Eraring Power Station – NSW, Australia

Vertical Condensate Extraction Pump Upgrade

Written by: Greg James, Hydro Australia
Publisher: Pumps & Systems / October 2014

 

 

Station History
Eraring Power Station, located in the coal belt area at Lake Macquarie on the central coast of New South Wales, began generating in 1982, with all four units commissioned between 1982 and 1984. Formerly state owned under the banner of Eraring Energy until mid 2013, the station is now owned by Origin Energy, one of Australia’s largest electricity generators and retailers.

The power station underwent a significant upgrade during 2010 to 2012, increasing the output of all four generating units from 660MW to 720MW each. Eraring is the largest generating unit in the Origin group and has established itself as Australia’s largest power station since the upgrade.

Condensate Extraction Pumps
The pumps are the standard arrangement of condensate extraction pump used in the power generation industry: underfloor, vertically mounted, canned design, 4 stages with a double suction impeller and inline suction and discharge ports. Each of the four generating units has two 100% duty pumps, driven by a 1850kW 4 pole, electric motor.

Problems
For more than a few years, the life of the thrust bearing has been subjected to scrutiny after causing numerous premature failures and constant concern for the Station Operators, Maintenance Engineers and Management. The thrust bearing design was typical for the period that the pumps were manufactured, tapered back to back roller design incorporating both thrust and radial loads and the drive coupling configuration as part of the bearing cartridge.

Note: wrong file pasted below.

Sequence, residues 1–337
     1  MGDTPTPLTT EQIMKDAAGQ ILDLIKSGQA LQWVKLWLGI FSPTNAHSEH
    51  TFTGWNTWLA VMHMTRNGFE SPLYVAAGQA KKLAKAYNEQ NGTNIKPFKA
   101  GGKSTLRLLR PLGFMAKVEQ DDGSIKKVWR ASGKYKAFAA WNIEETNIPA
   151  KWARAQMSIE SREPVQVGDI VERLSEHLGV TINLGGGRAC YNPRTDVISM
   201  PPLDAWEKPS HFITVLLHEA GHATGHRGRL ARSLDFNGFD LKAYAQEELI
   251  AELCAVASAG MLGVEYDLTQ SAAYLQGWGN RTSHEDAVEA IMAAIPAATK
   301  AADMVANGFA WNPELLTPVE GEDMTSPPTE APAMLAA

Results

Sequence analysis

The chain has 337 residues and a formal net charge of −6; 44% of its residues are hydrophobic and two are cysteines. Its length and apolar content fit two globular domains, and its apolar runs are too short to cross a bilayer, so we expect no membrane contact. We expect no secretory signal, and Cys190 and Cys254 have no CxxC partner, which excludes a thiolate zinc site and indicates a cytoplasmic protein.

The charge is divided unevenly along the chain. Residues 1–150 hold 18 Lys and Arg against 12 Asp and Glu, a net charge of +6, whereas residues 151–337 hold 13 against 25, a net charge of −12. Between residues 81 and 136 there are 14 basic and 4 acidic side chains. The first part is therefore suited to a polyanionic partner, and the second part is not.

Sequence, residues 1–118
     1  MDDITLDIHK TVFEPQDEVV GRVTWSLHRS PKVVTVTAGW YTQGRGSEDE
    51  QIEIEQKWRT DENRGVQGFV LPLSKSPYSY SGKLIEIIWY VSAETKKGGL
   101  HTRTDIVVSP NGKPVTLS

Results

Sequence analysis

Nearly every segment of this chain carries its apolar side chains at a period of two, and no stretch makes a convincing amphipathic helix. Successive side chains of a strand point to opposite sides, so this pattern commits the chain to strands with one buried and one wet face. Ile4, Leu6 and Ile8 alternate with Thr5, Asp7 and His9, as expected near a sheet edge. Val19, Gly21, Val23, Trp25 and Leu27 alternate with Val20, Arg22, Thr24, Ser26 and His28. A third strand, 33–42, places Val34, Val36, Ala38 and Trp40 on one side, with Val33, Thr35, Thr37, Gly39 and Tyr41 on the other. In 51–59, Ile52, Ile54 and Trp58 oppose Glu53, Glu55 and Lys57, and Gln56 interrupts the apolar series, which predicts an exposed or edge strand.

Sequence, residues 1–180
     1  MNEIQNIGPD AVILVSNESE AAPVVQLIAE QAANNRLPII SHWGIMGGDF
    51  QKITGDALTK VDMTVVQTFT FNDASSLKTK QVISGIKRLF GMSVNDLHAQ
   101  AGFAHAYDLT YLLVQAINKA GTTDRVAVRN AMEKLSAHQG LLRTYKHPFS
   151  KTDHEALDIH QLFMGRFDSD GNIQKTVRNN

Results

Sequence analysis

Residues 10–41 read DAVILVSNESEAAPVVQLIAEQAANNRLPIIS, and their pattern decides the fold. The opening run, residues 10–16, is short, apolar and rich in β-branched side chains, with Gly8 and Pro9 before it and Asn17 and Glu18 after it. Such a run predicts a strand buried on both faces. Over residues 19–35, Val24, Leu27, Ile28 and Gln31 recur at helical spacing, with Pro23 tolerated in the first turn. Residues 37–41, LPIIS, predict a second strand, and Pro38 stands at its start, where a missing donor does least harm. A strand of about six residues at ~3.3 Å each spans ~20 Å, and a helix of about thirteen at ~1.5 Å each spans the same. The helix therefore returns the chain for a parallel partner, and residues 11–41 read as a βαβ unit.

Station Engineers had been researching the upgrade design options for a period of time, calling on the original equipment manufacturer, aftermarket service centres and bearing manufacturers for input and options to overcome this troublesome plant and work towards the best possible solution.

Contract Overview
In 2012, Eraring Energy released a tender for the upgrade project to several service providers. The project included a sizeable work scope including design and supply of a new white metal bearing cartridge with an appropriate pedestal and several other new components.

The contract specifications require maintaining the same pump drive couplings, electric motor, mechanical seal cartridge and as many of the original pump components, meaning there was substantial engineering work required by the Hydro Australia Engineers.

Contract Award
A contract of this size was sought after by several original equipment manufacturers and Hydro Australia Pty. Ltd. located in the Gippsland region at Morwell Victoria was awarded the contract late in 2012. The contract runs for a period of 4 years with the first pump installation completed in April 2013 and the final pump due for installation in 2016.

2014_10_22

Additional Requirements & Spare Pump
With the knowledge and experience of Hydro Australia with the supply of engineered spare parts, a major undertaking was to supply and a complete new discharge head, a first for Hydro Australia. The 2.5 m high and 1.7 m wide discharge head is the most significant component of the pump as it ties everything together. Other new components were manufactured by Hydro Australia including impellers, stage cases, wear rings, couplings and shafts. The new components complete with the stations spare parts, enabled a complete spare pump to be manufactured. This spare pump gives flexibility and relieves time critical exchanges and on the run maintenance. Continue reading